Deglobalization of Banking: The World is Getting Smaller
40 Pages Posted: 25 Sep 2014
Date Written: September 2014
Banks have been running for home. We investigate the pattern of this increasing home bias in the wake of the financial crisis and explore possible explanations. We estimate the strength of the flight home effect as the change in domestic credit extended by domestic banks that cannot be accounted for by recipient or lender effects. We find evidence of flight home for almost all banking systems with the notable exception of the US and Japan. In periods of calm, reversals of the home bias are small. The result is cumulative renationalization, with domestic lending growing on average 25% more than foreign lending during 2008-12. Sales and acquisitions of banks contributed to the home bias and the flight home was strong at the intensive margin as well. Deterioration of bank soundness explains some but not all of the effect, e.g. Germany and Switzerland had a strong flight home notwithstanding improving bank soundness during the eurocrisis. We also find evidence of the vicious circle between banks and sovereign balance sheets: sovereign stress paired with banking stress contributed to the renationalization of banking.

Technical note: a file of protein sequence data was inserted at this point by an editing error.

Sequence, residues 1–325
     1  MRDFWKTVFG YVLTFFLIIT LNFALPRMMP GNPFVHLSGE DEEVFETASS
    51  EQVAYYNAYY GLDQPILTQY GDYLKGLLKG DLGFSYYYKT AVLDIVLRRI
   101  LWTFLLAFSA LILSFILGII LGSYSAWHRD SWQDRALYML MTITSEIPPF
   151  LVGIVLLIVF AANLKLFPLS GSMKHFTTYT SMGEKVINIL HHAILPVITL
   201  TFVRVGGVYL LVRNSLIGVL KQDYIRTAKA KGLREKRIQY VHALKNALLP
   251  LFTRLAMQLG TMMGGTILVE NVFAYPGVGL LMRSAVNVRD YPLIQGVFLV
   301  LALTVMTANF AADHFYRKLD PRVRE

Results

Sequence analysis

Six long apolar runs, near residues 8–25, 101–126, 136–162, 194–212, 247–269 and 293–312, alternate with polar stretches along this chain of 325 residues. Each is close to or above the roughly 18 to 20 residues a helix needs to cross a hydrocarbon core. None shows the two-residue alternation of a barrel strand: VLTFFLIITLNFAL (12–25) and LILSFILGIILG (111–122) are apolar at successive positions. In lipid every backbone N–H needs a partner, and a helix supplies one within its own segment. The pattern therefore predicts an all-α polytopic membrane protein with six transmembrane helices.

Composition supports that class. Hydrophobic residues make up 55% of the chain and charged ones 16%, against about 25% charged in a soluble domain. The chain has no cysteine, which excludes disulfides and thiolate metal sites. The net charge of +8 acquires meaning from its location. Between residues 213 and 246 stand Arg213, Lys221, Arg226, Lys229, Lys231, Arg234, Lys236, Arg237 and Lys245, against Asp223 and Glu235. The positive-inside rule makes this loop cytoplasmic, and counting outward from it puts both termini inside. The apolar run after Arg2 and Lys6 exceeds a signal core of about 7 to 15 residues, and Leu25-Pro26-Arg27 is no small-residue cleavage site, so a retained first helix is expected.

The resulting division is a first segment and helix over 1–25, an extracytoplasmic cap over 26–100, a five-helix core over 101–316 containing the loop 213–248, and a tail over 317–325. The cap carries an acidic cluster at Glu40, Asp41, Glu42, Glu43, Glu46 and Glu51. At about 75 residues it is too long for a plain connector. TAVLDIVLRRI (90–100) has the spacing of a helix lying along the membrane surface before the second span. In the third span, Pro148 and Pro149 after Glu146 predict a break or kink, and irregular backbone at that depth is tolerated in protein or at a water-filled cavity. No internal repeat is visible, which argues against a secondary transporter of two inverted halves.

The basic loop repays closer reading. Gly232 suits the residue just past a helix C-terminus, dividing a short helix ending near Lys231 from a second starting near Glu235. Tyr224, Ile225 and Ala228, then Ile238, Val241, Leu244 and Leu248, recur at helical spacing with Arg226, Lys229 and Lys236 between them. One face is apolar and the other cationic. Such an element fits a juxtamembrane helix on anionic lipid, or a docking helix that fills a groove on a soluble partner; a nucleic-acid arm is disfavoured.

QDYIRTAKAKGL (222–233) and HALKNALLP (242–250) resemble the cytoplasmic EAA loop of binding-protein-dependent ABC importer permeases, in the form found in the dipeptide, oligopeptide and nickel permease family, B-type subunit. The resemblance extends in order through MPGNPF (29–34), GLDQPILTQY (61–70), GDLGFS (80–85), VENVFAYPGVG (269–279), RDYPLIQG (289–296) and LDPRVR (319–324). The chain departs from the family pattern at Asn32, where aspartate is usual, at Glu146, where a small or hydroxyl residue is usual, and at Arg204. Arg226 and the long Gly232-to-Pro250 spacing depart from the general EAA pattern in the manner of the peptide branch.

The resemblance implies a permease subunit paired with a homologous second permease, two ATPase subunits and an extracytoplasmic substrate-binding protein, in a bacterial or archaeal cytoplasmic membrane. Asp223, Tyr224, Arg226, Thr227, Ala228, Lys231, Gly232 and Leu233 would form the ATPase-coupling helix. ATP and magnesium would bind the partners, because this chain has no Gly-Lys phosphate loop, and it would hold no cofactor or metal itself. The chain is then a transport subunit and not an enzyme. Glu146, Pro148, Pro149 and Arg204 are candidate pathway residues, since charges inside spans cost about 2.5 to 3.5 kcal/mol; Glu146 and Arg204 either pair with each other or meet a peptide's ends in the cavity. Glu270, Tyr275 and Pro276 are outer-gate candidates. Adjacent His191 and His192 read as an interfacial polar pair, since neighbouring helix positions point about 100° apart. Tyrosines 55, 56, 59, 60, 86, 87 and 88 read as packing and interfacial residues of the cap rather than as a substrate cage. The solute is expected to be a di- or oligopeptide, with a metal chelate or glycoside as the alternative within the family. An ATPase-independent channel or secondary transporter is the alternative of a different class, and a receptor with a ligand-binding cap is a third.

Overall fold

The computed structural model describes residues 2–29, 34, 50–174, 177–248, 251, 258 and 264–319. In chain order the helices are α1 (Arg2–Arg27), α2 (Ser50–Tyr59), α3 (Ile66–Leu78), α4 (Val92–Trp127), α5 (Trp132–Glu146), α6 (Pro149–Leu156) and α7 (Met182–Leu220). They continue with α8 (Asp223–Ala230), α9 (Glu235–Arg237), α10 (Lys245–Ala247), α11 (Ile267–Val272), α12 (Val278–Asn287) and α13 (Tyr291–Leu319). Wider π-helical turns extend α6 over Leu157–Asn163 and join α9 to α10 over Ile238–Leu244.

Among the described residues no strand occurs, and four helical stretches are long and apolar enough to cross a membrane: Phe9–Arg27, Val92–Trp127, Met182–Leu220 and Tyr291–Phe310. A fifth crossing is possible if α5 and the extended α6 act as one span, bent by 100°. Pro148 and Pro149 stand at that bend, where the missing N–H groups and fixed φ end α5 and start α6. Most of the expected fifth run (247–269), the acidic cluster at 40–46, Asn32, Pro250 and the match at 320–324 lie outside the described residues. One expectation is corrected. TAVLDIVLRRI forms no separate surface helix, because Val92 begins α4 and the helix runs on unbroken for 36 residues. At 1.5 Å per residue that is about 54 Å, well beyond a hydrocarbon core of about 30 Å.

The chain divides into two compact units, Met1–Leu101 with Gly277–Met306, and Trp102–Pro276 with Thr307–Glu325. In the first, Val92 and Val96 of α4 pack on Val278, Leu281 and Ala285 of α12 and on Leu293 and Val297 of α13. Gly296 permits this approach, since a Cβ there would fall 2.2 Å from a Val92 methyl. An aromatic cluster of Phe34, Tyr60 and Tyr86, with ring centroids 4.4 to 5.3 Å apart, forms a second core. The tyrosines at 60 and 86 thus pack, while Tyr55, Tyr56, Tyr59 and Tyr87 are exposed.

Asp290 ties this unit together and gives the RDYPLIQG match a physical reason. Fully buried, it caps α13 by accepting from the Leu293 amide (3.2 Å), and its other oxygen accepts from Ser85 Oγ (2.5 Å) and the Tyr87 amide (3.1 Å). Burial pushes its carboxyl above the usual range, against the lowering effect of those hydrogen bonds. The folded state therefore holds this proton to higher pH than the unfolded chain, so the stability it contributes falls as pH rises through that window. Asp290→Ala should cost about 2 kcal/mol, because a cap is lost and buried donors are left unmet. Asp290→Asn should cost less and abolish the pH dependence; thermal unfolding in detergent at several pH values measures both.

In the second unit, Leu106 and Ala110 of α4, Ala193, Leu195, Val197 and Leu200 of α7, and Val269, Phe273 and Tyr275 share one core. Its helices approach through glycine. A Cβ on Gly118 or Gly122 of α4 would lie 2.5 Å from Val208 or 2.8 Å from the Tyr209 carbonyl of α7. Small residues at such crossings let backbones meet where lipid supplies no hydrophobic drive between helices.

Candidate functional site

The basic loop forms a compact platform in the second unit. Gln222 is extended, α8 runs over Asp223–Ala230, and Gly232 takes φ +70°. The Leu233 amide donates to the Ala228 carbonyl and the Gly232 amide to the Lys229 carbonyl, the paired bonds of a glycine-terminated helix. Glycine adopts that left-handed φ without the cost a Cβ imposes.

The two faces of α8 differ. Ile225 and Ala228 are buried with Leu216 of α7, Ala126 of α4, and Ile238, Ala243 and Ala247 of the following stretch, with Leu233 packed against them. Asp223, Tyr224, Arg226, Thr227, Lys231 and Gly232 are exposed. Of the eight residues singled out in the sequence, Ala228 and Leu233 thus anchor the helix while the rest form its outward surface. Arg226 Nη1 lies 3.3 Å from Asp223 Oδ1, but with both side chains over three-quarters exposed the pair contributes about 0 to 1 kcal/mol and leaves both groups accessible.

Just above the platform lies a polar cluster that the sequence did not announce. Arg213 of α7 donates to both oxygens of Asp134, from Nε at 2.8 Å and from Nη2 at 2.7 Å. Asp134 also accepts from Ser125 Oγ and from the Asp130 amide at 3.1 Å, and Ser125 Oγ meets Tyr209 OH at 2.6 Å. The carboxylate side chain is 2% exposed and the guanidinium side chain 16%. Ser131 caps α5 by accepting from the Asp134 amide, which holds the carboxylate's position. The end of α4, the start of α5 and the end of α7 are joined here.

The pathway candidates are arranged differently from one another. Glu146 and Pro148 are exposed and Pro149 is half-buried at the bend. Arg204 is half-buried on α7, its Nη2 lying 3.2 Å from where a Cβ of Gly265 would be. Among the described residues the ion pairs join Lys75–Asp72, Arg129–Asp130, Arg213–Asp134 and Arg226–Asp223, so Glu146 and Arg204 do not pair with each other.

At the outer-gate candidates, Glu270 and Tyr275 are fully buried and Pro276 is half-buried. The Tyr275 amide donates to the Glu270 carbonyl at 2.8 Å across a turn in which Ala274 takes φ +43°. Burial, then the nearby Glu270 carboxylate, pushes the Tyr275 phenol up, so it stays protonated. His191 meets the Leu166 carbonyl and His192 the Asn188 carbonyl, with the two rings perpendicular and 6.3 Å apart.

Keywords: deglobalization, financial protectionism, international banking system
JEL Classification: E52, F34, G21
Suggested Citation: Suggested Citation